11:32 AM: Gov. Inslee is in West Seattle right now during a daylong tour of the metro area, signing bills. He has just arrived at the Duwamish Tribe Longhouse, he is signing the HEAL Act (SB 5141), which he says will “set a course toward a more healthy and equitable future with greater environmental justice for all Washingtonians.” The Longhouse is hosting a celebratory event for the occasion, both inside and outside.TVW plans to stream the signing above; we are at the Longhouse to cover the event, and we’ll add more photos/details later.
11:52 AM: The ceremony has begun with a song of welcome. James Rasmussen of the Duwamish Tribe then speaks.
“My people have been here for over 10,000 years.” The bill the governor will sign today, he says, is “about healing” – not just environmental, but “all kinds.” He also reminds those gathered – and those watching.- that the Duwamish are still seeking federal recognition.
11:59 AM: Now the governor takes the podium. He says this bill addressing systemic racism’s role in environmental injustice has been decades in the making. He hails the work of organizations such as the Duwamish River Cleanup Coalition, whose executive director Paulina López is among the dozens of people in attendance. While the bill may “sound like process,” the governor insists that it’s “about results.”
Also speaking, the bill’s sponsor, Sen. Rebecca Saldaña. “It is about how we approach all the work we do” – to undo what has led to disparities in “health and opportunity” affecting too many “because of where they live.” Joining her at the podium is Rep. Kirsten Harris-Talley, a new legislator who speaks emotionally about her pride that this was accomplished – “I don’t want one more auntie to die 10 years too early … I don’t want one more child to have asthma” because of pollution.
12:40 PM: And after more speaking and singing, the signing.
The governor declares that the HEAL Act will make environmental justice part of the state’s “core strategy.” He moves on to one more on-location signing in about an hour, three environmental bills he’ll sign in Shoreline, two of them sponsored by West Seattle House Rep. Joe Fitzgibbon. Meantime, the video from this event should be viewable, archived, above, before long. And we’ll add more coverage when we’re back at HQ.
ADDED MONDAY NIGHT: From the legislative news release about the HEAL Act, more explanation:
Senate Bill 5141, the Healthy Environment for All Act (HEAL Act), addresses the disproportionate exposure to environmental hazards suffered by Black, Indigenous, and other communities of color, along with low-income communities in neighborhoods across Washington state, putting them at higher risk of adverse health outcomes. This risk is further amplified for communities with pre-existing economic barriers and environmental risks.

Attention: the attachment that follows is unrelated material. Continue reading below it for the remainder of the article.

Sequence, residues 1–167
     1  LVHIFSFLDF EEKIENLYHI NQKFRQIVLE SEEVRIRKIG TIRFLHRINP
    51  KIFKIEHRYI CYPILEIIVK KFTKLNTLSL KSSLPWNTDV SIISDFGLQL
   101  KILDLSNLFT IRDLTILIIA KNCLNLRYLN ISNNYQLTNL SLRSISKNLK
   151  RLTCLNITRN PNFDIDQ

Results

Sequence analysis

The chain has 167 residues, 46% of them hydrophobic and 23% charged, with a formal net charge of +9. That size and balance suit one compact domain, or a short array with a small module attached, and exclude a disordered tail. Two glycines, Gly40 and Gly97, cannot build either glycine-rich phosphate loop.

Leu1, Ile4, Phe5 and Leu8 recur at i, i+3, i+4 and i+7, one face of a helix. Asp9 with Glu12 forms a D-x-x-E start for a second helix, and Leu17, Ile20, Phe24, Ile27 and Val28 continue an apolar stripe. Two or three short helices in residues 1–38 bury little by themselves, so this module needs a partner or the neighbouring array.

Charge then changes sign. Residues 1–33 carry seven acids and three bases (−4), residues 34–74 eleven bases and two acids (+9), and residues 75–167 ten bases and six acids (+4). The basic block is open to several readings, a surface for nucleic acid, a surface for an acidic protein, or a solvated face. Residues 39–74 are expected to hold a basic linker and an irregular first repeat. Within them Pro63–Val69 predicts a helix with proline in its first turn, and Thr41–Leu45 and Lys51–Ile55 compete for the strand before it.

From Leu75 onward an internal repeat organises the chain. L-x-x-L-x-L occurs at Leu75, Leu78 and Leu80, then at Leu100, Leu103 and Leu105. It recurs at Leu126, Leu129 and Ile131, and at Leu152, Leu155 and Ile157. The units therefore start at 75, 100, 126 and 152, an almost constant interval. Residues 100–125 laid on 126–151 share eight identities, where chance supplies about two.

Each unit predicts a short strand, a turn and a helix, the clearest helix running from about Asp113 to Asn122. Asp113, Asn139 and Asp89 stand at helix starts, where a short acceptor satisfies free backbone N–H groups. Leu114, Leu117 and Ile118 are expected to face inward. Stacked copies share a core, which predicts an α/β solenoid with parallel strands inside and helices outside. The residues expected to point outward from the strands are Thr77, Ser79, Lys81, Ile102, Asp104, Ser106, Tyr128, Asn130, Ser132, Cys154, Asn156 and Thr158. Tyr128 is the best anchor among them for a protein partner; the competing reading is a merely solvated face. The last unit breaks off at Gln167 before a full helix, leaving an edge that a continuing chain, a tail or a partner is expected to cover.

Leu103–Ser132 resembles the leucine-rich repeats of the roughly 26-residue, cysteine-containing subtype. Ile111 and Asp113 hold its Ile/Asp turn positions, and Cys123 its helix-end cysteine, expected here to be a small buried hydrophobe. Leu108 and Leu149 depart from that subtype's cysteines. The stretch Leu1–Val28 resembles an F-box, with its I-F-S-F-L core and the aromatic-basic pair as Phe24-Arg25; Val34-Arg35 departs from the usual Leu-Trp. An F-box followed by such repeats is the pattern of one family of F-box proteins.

The HEAL Act, sponsored by Sen. Rebecca Saldaña (D-Seattle), implements recommendations from the Environmental Justice Task Force – established by the Legislature in 2019 – on how state agencies should incorporate environmental justice principles to reduce health disparities when implementing policies and programs. Environmental justice means the fair treatment and meaningful involvement of all people regardless of race, color, national origin, or income with respect to the development, implementation and enforcement of environmental laws, regulations, and policies. …
Saldaña’s bill establishes environmental justice requirements for seven state agencies, an interagency workgroup, and a permanent environmental justice council, the makeup of which includes a majority of representatives from impacted communities. It also sets timelines for guidance, recommendations, and implementation of environmental justice assessments, measurements, and public reporting of progress.
The indoor ceremony at the Duwamish Longhouse and Cultural Center was followed by an outdoor celebration (with food by the Off the Rez truck, funded by Front and Centered Coalition). Speakers included the tribe’s longtime chair Cecile Hansen:
She also reminded those in attendance that the Duwamish battle for recognition is not yet won, and noted what they had given up so long ago – 55,000 acres, while now, they hold only the 2/3 of an acre on which the Longhouse sits. As noted in our recent District 1 Community Network report, you can expect to hear more about the tribe’s renewed quest. Their message is that despite the federal attempt at erasure, “We are still here.”